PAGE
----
Puppy farming, animal cruelty conviction in Donegal

ISPCA raided a puppy farm in Co Carlow last week.

The conditions were described as “absolutely horrendous”, with ISPCA Inspectors seizing 52 dogs of mixed breed and type. There were also dead animals scattered around the site. The rescued animals were transported to the ISPCA National Animal Centre in Longford where they received much-needed veterinary attention. Shortly after the raid, a closure notice was served on the premises and the remaining 250 dogs removed and cared for by the ISPCA and Dogs Trust, who worked together on this challenging situation.

Puppy Farming in Ireland

It’s only five years since Ireland introduced the “puppy farm legislation” in the form of the Dog Breeding Establishments Act and this puppy farm was actually registered.

So what went wrong? Under the current rules, owners of dog breeding establishments are given notice of several weeks before an inspection by the local authority vet. In some ways, this may seem fair, but in practice,it meant that the situation on the ground could be tweaked to comply with animal welfare regulations at the time of the inspection. After that, standards could be dropped, with more breeding animals being moved in, and less care given to them all.

The ISPCA is now calling on the government to introduce the introduction of random, unannounced spot checks of all puppy farms, as soon as possible.

The BBC documentary titled “The Dog Factory”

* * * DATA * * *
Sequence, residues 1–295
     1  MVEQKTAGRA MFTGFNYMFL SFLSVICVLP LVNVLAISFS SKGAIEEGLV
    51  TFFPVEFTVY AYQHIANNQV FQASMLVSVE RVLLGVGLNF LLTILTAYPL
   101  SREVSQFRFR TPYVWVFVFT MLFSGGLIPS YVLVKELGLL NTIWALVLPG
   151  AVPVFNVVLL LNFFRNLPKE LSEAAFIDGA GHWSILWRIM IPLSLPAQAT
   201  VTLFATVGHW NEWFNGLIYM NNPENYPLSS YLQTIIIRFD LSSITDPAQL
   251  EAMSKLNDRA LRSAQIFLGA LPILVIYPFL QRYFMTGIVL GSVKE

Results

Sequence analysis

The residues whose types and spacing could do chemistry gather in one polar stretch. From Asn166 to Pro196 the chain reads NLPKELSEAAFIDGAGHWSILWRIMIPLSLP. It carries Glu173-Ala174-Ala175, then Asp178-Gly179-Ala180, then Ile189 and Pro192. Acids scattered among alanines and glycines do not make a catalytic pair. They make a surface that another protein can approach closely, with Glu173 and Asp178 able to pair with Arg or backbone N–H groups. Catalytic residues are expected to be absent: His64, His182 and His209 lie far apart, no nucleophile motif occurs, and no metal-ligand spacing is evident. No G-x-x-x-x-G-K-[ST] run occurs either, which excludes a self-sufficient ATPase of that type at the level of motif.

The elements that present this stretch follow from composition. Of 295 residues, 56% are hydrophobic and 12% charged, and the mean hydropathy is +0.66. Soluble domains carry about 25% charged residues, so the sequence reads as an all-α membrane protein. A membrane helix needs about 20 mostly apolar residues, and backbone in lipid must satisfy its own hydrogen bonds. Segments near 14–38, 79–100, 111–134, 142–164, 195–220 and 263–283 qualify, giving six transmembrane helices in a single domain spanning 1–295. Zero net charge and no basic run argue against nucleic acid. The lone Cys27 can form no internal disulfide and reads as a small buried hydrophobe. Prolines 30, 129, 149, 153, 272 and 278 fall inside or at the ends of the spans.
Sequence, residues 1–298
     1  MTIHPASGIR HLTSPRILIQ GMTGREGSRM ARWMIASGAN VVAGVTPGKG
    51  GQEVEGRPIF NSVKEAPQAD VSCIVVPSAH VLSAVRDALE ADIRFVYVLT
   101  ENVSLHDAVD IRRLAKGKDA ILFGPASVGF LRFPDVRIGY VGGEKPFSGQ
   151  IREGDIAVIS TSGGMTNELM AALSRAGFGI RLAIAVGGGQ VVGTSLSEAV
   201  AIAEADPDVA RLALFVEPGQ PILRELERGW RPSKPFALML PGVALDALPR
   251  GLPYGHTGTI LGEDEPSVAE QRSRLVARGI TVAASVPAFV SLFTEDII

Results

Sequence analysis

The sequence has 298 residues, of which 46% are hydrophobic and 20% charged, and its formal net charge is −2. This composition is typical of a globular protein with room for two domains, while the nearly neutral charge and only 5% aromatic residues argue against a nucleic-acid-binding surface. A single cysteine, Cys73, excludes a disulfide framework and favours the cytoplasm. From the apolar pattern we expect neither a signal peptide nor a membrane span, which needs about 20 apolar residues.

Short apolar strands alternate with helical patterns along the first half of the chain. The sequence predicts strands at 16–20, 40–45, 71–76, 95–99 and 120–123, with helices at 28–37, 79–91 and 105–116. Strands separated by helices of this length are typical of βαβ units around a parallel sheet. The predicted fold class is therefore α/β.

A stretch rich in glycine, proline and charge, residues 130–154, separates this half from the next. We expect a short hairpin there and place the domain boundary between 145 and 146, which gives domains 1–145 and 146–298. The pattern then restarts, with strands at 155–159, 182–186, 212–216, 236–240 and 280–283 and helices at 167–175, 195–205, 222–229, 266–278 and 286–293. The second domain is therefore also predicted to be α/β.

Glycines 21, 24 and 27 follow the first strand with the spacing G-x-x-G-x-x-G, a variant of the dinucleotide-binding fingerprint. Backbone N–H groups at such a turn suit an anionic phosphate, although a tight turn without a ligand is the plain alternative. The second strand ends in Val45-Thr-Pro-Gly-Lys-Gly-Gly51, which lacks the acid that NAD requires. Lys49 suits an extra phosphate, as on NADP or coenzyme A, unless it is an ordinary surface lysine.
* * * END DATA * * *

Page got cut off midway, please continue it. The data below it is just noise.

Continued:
This showed secretly filmed footage of Furnish Kennels in Fivemiletown, in County Fermanagh, the largest licensed dog breeding establishment in the UK. Breeding dogs and puppies were kept in battery-hen type conditions, with food dispensed by automatic feeders and minimal human contact.

With our knowledge of the importance of socialisation and caring for puppies in creating a healthy, well-behaved adult dog, this type of situation should just not be allowed. Solicitors for the kennels claim that the premises are compliant with the law, and the local authority apparently agrees with this statement too, so perhaps the UK authorities need to look at their legislation to try to understand how this can be.

First successful prosecution under Ireland’s new Animal Health and Welfare Act.

A Donegal woman was prosecuted after abandoning her dog with no food or water. This may not sound a huge landmark case, but the significance is that it is the first successful prosecution under Ireland’s new Animal Health and Welfare Act. 2013 which came into force in March 2014. The offence took place on March 12 2014 and it has taken a year to reach the courts.

This is a very big deal in the animal welfare world. Under the old Irish animal welfare legislation (which had not been updated since the Protection of Animals Act 1911) this woman could not have been prosecuted because the dog was not emaciated or in actual pain. The new legislation gives owners a duty to care for their animal, so that even if they do not actually inflict physical injury on their pet, the simple fact that they are not providing for their pet correctly is a crime in itself.

You are now obliged to provide the five freedoms for animals under your care – freedom from hunger/thirst, freedom from discomfort, freedom from pain/illness/suffering, freedom to behave normally and freedom from fear/distress.
Expect many more convictions like this – they are in the pipeline.

Many congratulations to the ISPCA – this is what they work so hard to achieve.

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